Literally forever, because as far as I know Atelier Judie is the only mainline Atelier game with no deadline. 1 year, 10 years, 100 years, you can play as long as it takes until you achieve your objective, which is to send Judie back to her original timeline after an alchemy accident knocked her 200 years into the future.
Everything else you do until then is entirely up to you. You don’t even have to repay 50,000 cole (on a 10,000 loan) to your loanshark ‘friend’ Vitoss unless you want to. Heck, you don’t even have to finish the game. You can just go round in circles until you get tired and ditch the game. I’ve done it before. But let us not speak of it any more. I was young, and very very lazy.
Let’s focus on what makes Atelier Judie different instead. Apart from the lack of a deadline, the main thing that distinguishes it from the earlier Atelier games (Elie, Marie, etc) is the relatively small number of alchemy recipes. I’m late-game in Judie and only have 41 recipes to my name, with the hopes of getting about 6 or 7 more before the end of the game. The emphasis in this game is on item substitution and quality improvement. The same item can have wildly differing effects depending on what ingredients you use to make it. To illustrate, take a look at the meteor below:
On the right you see one possible effect, then No Data, another possible effect, No Data, No Data, possible damage and No Data. No Data = possible effect you haven’t unlocked yet because you haven’t found the right combination of ingredients. So depending on the ingredients you use you can get a meteor that causes a giant Puni to drop down for medium damage, or one that causes a giant Uni to drop down for small damage, or one that causes something else (No Data yet) to drop down for massive damage, and so on and so forth. What’s more, meteors are a synthesis ingredient for another item, so your choice of ingredients affects future items as well.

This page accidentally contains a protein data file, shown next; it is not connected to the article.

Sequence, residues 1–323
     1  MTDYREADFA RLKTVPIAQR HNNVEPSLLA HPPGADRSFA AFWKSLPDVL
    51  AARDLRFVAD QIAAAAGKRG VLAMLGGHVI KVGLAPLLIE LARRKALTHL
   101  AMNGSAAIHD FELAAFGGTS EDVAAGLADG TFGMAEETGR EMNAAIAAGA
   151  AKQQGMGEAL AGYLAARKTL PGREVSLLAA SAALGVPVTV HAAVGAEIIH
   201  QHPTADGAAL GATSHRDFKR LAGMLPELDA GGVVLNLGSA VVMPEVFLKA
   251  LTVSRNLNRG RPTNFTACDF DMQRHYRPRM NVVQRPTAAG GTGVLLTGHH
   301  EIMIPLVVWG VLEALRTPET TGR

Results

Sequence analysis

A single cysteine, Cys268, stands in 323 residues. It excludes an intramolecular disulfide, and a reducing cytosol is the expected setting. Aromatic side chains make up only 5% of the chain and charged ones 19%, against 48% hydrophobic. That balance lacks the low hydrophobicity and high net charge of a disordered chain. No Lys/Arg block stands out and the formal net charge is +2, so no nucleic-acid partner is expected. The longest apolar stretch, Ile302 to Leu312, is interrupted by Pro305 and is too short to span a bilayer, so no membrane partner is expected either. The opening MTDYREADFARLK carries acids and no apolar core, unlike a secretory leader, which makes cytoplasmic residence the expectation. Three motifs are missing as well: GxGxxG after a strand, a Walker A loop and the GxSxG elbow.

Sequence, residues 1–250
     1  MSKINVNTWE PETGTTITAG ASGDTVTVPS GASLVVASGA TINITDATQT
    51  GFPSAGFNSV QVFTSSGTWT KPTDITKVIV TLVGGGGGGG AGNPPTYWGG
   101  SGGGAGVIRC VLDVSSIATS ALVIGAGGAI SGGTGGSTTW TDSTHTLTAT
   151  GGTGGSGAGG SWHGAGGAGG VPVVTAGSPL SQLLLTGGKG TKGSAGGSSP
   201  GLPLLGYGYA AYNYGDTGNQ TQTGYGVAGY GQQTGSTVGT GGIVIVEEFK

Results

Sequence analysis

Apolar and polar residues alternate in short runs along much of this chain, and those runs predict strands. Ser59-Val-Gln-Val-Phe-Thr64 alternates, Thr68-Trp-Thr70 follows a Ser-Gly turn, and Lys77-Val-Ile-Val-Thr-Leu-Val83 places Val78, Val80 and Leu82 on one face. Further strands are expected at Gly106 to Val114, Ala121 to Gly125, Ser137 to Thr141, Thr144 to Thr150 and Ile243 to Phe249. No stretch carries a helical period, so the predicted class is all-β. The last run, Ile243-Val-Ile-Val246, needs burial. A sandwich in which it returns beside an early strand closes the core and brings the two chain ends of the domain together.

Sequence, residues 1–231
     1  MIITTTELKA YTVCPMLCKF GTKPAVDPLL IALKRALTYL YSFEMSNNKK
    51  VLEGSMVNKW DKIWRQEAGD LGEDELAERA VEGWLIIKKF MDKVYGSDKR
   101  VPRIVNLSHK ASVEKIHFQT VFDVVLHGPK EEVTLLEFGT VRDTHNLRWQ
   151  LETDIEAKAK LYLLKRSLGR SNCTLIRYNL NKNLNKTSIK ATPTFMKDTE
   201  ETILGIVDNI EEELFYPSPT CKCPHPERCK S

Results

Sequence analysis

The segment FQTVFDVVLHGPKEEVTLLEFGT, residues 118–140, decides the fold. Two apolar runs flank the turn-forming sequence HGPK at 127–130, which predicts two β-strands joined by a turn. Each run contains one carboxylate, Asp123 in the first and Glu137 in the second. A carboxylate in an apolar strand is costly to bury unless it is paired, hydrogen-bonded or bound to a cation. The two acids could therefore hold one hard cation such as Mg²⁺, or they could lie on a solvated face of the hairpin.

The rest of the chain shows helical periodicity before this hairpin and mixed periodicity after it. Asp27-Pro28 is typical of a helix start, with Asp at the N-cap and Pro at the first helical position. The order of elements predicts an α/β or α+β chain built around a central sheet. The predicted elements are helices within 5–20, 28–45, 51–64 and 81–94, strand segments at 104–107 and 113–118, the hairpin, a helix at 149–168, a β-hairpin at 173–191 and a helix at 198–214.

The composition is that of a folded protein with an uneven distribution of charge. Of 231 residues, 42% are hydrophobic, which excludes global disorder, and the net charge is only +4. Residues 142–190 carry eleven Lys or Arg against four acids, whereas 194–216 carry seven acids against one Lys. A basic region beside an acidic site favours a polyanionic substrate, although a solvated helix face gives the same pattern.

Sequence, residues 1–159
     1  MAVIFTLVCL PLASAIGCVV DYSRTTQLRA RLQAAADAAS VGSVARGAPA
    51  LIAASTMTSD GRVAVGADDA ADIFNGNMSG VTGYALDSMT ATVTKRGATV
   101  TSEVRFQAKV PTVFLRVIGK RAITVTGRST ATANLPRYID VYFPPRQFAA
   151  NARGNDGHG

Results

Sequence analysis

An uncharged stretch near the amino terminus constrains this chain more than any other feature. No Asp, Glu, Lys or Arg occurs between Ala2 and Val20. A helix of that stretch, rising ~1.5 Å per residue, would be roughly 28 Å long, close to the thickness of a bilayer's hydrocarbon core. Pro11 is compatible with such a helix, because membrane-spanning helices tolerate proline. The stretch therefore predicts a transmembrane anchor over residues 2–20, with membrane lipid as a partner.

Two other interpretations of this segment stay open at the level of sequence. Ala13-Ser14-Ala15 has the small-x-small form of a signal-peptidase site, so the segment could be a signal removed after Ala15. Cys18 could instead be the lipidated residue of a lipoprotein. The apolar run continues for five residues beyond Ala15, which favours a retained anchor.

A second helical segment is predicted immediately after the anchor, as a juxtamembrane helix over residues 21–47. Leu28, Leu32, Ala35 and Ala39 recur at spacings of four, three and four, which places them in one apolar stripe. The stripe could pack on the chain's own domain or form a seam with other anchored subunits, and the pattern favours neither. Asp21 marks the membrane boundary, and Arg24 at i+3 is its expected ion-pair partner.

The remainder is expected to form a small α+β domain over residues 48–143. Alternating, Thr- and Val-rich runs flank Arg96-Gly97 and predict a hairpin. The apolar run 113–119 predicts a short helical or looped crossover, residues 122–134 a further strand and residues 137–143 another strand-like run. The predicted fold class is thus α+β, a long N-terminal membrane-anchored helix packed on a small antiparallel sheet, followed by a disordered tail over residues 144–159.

Sometimes the effect change is so radical as to make the synthesized items completely different even though they have the same name. For example you can make an Antidote that cures Paralyze, or change the ingredients and make a new Antidote that cures Poison + Curse + Sleep but not Paralyze. Same item in name only, not in effect.
Another example – making a flying broomstick with regular Gravia stones gives you a stick that can float over obstacles (you can’t finish the game without one, btw). Make a broomstick with better-quality Gravia stones and your stick can’t float, but it can warp you out of the dungeon instantly. Make it with the best-quality stones and use a good living rope in the recipe and you get the ultimate broomstick… which can’t fly or warp you anywhere, but can help you travel twice as fast on the World map. Again, same item in name only.
What this means is that foraging for the right ingredients is quite important, especially since the ingredients you can buy in stores are usually of middling to low quality. Once you hit late game and start taking on advanced enemies, the right items containing the right ingredients will save your life.
For example a high-quality Leherun cream is an excellent healing item, but since it’s essentially ice cream it melts really quickly. With a bit of work you can find an ingredient with the Doesn’t Spoil Easily+2 effect and fuse it into the cream to get an item that will at least last you through the dungeon. Win/win.
Oh right, I forgot to mention that items decline in quality with time, didn’t I? Well, they do. Least welcome feature ever. It mainly affects foods, but anything with organic ingredients is at risk sooner or later. Luckily enough there are a few things you can do to counter this. One of them is to use preservative effects like I mentioned above. Another is to use broomsticks like I mentioned to cut your traveling time so you arrive faster and fresher.